There are several lake source cooling systems that are in operation on the lake, whereby cooler water is pumped from the depths of the lake and circulated in a closed system back to the surface. One of these systems, operated by Cornell University and began operation in 2000, was controversial during the planning and building states for potential negative environmental impact. All the environmental impact reports and scientific studies have shown that the Cornell lake source cooling system has not yet had and will not have any measurably significant environmental impact. Furthermore, Cornell's system pumps less warm water back into the lake than others further north which have been operating for decades, including the coal-fired power plant on the eastern shore; the AES Cayuga electrical generating station operates in the Town of Lansing, on the east shore of Cayuga Lake. This coal-fired plant uses Cayuga Lake as a cooling source. In the late 1960s, citizens opposed the construction of an 830-MW nuclear power plant on the shore of Cayuga Lake.
Rod Serling named his production company Cayuga Productions during the years of his TV series, The Twilight Zone. Serling and his family had a summer home at Cayuga Lake; the fish population is managed and substantial sport fishing is practiced, with anglers targeting smelt, lake trout and smallmouth bass. Fish species present in the lake include lake trout, landlocked salmon, brown trout, rainbow trout, smallmouth bass, alewife, atlantic salmon, black crappie, pickerel, largemouth bass, northern pike, pumpkinseed sunfish, rock bass, yellow perch. There are state owned hard surface ramps in Mudlock Canal Park, Long Point State Park, Cayuga Lake State Park, Dean's Cove State Marine Park, Taughannock Falls State Park, Allen H. Treman Marine Park. Demont Creek Canoga Creek Schuyler Creek Red Creek Big Hollow Creek Mack Creek Bloomer Creek Barnum Creek Groves Creek Sheldrake Creek Lively Run Bergen Creek Trumansburg Creek Taughannock Creek Willow Creek Glenwood Creek Indian Creek Williams Brook Cayuga Inlet Fall Creek Gulf Creek Minnegar Brook Salmon Creek Morrow Creek Paines Creek Little Creek Dean Creek Glen Creek Great Gully Brook Yawger Creek The lake is the subject of local folklore.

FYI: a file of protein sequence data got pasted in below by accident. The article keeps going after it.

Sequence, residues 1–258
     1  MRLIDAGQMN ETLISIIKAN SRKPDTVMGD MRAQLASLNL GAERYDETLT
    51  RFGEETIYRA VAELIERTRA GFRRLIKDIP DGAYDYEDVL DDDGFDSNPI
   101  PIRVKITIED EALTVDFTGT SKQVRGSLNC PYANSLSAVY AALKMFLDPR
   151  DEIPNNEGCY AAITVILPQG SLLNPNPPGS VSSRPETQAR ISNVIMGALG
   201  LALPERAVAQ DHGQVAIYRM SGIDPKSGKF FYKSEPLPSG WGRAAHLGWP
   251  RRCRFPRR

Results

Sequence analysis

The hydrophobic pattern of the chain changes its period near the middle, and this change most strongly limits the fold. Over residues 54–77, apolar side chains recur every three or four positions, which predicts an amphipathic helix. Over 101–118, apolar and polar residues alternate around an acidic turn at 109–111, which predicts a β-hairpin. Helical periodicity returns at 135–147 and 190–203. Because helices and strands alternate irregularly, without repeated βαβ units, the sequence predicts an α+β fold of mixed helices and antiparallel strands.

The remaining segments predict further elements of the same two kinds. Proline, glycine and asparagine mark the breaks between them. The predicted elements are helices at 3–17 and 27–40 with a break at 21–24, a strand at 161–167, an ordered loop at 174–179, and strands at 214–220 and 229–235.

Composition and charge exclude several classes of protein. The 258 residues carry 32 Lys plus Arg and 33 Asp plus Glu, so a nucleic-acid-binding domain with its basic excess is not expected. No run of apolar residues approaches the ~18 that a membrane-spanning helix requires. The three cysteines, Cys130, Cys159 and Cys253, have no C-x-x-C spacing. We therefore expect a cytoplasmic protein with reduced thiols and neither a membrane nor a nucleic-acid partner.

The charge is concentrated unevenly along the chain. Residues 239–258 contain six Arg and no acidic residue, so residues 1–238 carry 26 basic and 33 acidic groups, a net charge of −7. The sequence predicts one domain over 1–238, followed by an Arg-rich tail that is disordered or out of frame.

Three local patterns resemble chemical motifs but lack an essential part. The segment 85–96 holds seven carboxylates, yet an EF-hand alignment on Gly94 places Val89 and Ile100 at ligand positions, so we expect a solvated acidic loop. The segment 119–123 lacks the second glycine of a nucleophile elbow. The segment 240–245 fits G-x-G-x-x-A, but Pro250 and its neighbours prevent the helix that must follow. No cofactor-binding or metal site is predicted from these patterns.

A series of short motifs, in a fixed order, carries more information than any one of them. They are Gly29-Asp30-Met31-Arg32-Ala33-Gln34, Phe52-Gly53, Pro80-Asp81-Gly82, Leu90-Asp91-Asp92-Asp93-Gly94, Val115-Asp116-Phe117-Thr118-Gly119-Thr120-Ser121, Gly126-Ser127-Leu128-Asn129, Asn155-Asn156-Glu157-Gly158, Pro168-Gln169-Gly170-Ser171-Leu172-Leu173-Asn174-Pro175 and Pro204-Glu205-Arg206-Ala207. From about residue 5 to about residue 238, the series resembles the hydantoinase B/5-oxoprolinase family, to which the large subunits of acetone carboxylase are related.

Cornell's alma mater makes reference to its position "Far Above Cayuga's Waters", while that of Ithaca College references "Cayuga's shore". A tradition at Wells College in Aurora holds that if the lake freezes over, classes are canceled. According to Wells College records, this most happened in 1979 and 2015. However, other sources suggest that the only time the entire lake froze over solid end to end in the 20th century was in 1912. Cayuga Lake, like nearby Seneca Lake, is the site of a phenomenon known as the Guns of the Seneca, mysterious cannon-like booms heard in the surrounding area. Many of these booms may be attributable to bird-scarers, automated cannon-like devices used by farmers to scare birds away from the many vineyards and crops. There is however no proof of this. Cayuga Lake is included in the American Viticultural Area. Established in 1988, the AVA now boasts over a dozen wineries, four distilleries, a cidery, a meadery. Taughannock Falls World Lakes Database entry for Cayuga Lake.
Cayugalake.org Cayuga Lake Defense Fund Montez
Native Americans in the United States